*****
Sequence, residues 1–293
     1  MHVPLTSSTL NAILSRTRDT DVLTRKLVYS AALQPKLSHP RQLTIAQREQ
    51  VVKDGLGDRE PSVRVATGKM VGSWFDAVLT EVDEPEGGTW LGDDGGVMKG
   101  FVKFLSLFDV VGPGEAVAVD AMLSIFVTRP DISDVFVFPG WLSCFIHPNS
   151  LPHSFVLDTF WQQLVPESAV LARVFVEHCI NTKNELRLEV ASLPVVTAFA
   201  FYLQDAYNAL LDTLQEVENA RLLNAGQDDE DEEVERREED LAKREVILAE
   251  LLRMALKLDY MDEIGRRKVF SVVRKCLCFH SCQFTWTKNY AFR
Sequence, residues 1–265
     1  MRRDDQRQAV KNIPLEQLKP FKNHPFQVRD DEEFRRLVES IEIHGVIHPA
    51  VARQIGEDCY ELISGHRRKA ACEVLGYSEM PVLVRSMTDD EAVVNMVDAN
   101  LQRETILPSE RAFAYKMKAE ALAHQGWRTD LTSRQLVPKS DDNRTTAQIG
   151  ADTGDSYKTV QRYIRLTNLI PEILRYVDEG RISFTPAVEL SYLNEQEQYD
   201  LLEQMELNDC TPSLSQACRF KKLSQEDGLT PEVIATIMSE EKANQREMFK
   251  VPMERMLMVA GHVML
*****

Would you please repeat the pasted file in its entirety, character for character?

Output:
Sequence, residues 1–293
     1  MHVPLTSSTL NAILSRTRDT DVLTRKLVYS AALQPKLSHP RQLTIAQREQ
    51  VVKDGLGDRE PSVRVATGKM VGSWFDAVLT EVDEPEGGTW LGDDGGVMKG
   101  FVKFLSLFDV VGPGEAVAVD AMLSIFVTRP DISDVFVFPG WLSCFIHPNS
   151  LPHSFVLDTF WQQLVPESAV LARVFVEHCI NTKNELRLEV ASLPVVTAFA
   201  FYLQDAYNAL LDTLQEVENA RLLNAGQDDE DEEVERREED LAKREVILAE
   251  LLRMALKLDY MDEIGRRKVF SVVRKCLCFH SCQFTWTKNY AFR
Sequence, residues 1–265
     1  MRRDDQRQAV KNIPLEQLKP FKNHPFQVRD DEEFRRLVES IEIHGVIHPA
    51  VARQIGEDCY ELISGHRRKA ACEVLGYSEM PVLVRSMTDD EAVVNMVDAN
   101  LQRETILPSE RAFAYKMKAE ALAHQGWRTD LTSRQLVPKS DDNRTTAQIG
   151  ADTGDSYKTV QRYIRLTNLI PEILRYVDEG RISFTPAVEL SYLNEQEQYD
   201  LLEQMELNDC TPSLSQACRF KKLSQEDGLT PEVIATIMSE EKANQREMFK
   251  VPMERMLMVA GHVML